Avanti Travel Insurance blog

24 Dec

Italy for Food Lovers

Italian pizzaSample some of the world’s best cuisine in the gem of the Mediterranean

From Sicily to The Veneto, Italy’s reputation for fantastic food makes it the ideal location for a gastronomic getaway.

If there is one thing that Italy is famous for, it’s the food. Simple, full of flavour and made with love, it inspires a passion that other cuisines just can’t match. What’s also great about Italian food is the sheer variety. The cuisine varies hugely depending upon which region you’re in. And there can even be significant variations within the one area, meaning that around every corner is a potential gastronomic adventure.

With so much to choose from, the main problem can be deciding where to start. Read on to learn about some of the top foodie regions in Italy and which gastronomic delights you can expect to sample in each.

Emilia-Romagna

Emilia Romagna in northern Italy is one of the most productive and fertile regions in the country, and is known for its rich cuisine. Home of balsamic vinegar, Parma ham, tortellini and Parmigiano-Reggiano to name just a few, it is certainly a must-visit destination for any foodie. The region’s capital is the vibrant university town of Bologna, which of course is famous for the ubiquitous pasta Bolognese that we all know and love – although you might find it differs slightly from the one you cook at home!

Tuscany

Tuscany is a favourite with many tourists, and it’s not difficult to see why. As well as medieval towns and romantic rolling hills, the region also boasts great food. The area is perhaps best known for more traditional, rustic fare such as beans, stuffed pasta, salami, cheeses, crusty bread and hearty soups. There are also prized local meats on offer such as wild boar and beef from Chianina cattle. And of course, the area is renowned for its wine – so be sure to wash it all down with a glass of local red.

Sicily

Due largely to its location between Europe and Africa, the island of Sicily has a variety of culinary influences – most notably, African, Greek, Spanish and Arabic – giving the food a distinct feel from the rest of the country.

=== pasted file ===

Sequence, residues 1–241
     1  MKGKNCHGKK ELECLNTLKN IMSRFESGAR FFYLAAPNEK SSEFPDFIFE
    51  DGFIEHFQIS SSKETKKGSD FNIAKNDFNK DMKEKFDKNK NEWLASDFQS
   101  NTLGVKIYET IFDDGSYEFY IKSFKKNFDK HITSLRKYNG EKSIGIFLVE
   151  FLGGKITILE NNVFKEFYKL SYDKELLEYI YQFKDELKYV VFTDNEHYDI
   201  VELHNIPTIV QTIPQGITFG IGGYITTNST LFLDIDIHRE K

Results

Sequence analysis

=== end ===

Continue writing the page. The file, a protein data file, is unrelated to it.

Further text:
Traditional Sicilian ingredients include tuna, shellfish, citrus fruits, nuts and ricotta, but these are then fused with more exotic ingredients such as couscous, saffron and raisins. It is also a great region for those with a sweet tooth, as there is typically more of a focus on dessert than in other parts of Italy. Specialities of the region include granita, pignoli cookies, and of course, the famous cannoli.

Veneto

Situated on the Adriatic Sea, Venice is the most famous town in the Veneto region, and its coastal location means that fresh seafood is the order of the day. Similarly, Verona’s proximity to lakes and rivers means that there is a lot of fish on local menus.

However, further inland, away from the coast, you’ll find simpler, more traditional cuisine – and unlike many other parts of Italy, this is mainly based around polenta and risotto rather than pasta. Dessert-lovers might also be interested to know that the famous Italian dessert, tiramisu, has its roots in this region of Italy.

Puglia

Located in the ‘heel’ of the Italian ‘boot’, Puglia offers great variety and flavour when it comes to food. The inland plains are ideally suited to growing wheat and vegetables, which means that bread and pasta are a big focus of the region’s cuisine. Meanwhile, the western coast of the region is known for its fantastic shellfish. What really marks Puglia out is the area’s ability to marry bold flavours with more delicate ingredients – to delicious effect!

Italy’s reputation for fantastic food is certainly well-deserved, and whether you’re looking for pizza or pasta, shellfish or salami, there is an area of Italy to suit you and your taste buds. Whichever region you decide to visit, make sure you organise your European travel insurance  – so the only thing you will need to worry about is what you should eat for dinner!

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